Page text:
This morning I read a quote by Salvadoran Archbishop Oscar Romero that launched my mind into multiple directions.
Romero wrote, “We plant seeds that one day grow. We water seeds already planted, knowing that they hold future promises. We may never see the end results, but that is the difference between the master builder and the worker.”
As Christians, we really are in the business of kingdom building. It is our job to facilitate the in-breaking of God’s kingdom. To do this we plant seeds!
It is our job to offer culture a radically different way to do life. It is our job of doing the hard work of knowing and loving people.
And, I say all the time that God rarely allows us to see the end results of our work. Come to think of it, we may never see the end results of our work in our lifetime.
Sometimes, it can be discouraging to feel that we are working in a vacuum. In other words, we labor with all our might in the Lord’s vineyard and consider that much of the time nothing may have become of it.
It certainly may feel this way to us but I am convinced that when it comes to labors for Christ there is no such thing as wasted effort. He will insure that the ripples of our work will extend forever.
I do not know who said it but I am partial to the statement that we are all resting and enjoying the shade from trees that we did not plant. From a certain point of view, none of us can claim the distinction of being self-made people.
I laugh when I consider the poverty that I came out of. Shall we say that my family fit nicely into one of Jeff Foxworthy’s comedy routines!
“You might be a redneck if you have one or more appliances on your porch and you think this is a status symbol.”
I never thought of it as a status symbol but we had a washer and a freezer on our porch! You can’t hide money! (This is facetiousness.)
But, when you peel back the layers, my family owned the house and the land it sat upon. The land did generate enough income for a scant existence by producing cotton, corn and dairy products.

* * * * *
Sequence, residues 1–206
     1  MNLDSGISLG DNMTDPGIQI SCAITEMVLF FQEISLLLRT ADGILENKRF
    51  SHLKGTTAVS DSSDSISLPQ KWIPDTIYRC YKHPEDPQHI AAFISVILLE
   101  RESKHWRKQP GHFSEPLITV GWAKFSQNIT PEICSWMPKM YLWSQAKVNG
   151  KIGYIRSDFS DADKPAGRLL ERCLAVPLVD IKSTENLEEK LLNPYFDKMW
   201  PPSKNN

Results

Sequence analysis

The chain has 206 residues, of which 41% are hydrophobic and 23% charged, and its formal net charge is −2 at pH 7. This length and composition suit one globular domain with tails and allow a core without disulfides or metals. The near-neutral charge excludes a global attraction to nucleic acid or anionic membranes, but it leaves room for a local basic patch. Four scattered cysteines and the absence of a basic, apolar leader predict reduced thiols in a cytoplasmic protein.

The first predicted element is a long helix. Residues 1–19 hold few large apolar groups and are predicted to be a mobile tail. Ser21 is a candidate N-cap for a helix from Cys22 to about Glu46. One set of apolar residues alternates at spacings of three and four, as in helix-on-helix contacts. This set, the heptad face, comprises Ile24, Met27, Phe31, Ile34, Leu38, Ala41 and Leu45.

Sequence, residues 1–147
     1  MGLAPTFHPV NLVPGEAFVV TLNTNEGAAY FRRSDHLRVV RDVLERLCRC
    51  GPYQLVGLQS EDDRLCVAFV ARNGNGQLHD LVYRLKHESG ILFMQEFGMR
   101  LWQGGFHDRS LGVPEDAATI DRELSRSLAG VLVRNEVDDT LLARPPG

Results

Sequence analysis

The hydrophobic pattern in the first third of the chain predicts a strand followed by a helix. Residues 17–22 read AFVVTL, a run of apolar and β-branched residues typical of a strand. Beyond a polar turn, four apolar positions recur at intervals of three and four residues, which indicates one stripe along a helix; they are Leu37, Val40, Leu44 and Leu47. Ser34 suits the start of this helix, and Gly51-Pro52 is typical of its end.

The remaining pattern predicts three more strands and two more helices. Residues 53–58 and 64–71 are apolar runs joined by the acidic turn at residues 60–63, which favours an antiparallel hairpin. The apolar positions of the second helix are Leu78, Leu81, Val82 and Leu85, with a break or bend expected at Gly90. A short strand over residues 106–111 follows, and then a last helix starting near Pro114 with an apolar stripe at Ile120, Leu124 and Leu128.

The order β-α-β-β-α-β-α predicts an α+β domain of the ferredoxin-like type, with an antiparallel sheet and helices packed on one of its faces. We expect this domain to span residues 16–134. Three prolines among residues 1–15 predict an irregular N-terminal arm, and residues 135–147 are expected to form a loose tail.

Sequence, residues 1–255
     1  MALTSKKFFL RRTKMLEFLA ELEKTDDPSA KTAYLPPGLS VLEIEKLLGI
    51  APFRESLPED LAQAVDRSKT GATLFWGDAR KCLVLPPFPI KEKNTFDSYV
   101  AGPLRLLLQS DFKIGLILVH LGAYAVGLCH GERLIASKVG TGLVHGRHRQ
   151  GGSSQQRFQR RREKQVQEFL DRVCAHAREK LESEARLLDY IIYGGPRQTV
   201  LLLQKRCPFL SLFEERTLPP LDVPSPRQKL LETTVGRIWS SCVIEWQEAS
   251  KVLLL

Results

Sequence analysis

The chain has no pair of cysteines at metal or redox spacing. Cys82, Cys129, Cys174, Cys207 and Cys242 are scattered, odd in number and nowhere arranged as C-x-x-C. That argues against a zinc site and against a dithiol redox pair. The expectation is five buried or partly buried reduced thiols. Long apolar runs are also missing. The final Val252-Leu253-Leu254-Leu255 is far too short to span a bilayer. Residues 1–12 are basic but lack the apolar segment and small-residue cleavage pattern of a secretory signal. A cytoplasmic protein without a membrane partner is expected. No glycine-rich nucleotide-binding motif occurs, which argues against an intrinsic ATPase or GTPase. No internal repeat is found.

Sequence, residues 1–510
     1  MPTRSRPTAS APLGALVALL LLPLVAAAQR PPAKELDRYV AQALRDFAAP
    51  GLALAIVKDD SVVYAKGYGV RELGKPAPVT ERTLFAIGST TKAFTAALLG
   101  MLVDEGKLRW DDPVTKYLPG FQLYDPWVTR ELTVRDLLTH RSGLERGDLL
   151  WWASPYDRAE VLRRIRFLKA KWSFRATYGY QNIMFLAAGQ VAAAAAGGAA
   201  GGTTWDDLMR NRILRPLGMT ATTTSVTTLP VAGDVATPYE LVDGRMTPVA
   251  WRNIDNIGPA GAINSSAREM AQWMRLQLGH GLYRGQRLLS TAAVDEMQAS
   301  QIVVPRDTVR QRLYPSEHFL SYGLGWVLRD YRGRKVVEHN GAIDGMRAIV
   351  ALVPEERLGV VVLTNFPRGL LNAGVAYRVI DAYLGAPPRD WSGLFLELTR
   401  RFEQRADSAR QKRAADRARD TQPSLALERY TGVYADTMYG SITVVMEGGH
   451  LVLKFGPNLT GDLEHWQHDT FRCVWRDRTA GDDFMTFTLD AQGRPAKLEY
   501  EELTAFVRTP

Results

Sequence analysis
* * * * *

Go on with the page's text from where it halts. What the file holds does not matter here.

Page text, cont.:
Yes indeed my family worked hard by sweat of the brow;and, I take nothing away from that. I confess that today my brothers and I are enjoying the shade from trees that we did not plant.
But, it was the Creator who gave my family the opportunity to own the land and to farm it. It was the Creator who gave my family good health, the physical capabilities to do manual labor, who brought the rains needed to grow the crops, who provided for their safety.
No one turned my family down for a farm loan. John Deere sold us a tractor on credit.
No one in my family was born in a crack house. Nobody was gunned down from a drive-by shooting. No one was told where they could live, eat, sleep or do life.
Come to think of it, I suppose we were not all that poor. Back in the day that life was sort of standard for folks like us.
In some ways it has been a difficult pill to swallow…that my family and I are not all that self-made. If the banks and John Deere had not offered credit we’d have lived on what my grandfather called the poor farm. We were given tons of shade right out of the starting gate of life.
The U.S. Navy planted more seeds that brought more shade. The Navy gave my father a craft that was useful in civilian life. Doors opened for him after World War II. And, there was even more shade for my brothers and me.
I think Archbishop Oscar Romero is right! “We plant seeds that one day grow. We water seeds already planted, knowing that they hold future promises.”
Is there a better mission for life?
“Blessed is the man who does not walk in the counsel of the wicked…But his delight is in the law of the LORD. He is like a tree planted by streams of water, which yields its fruit in season and whose leaf does not wither (Psalm 1:a, 2a & 3 NIV).”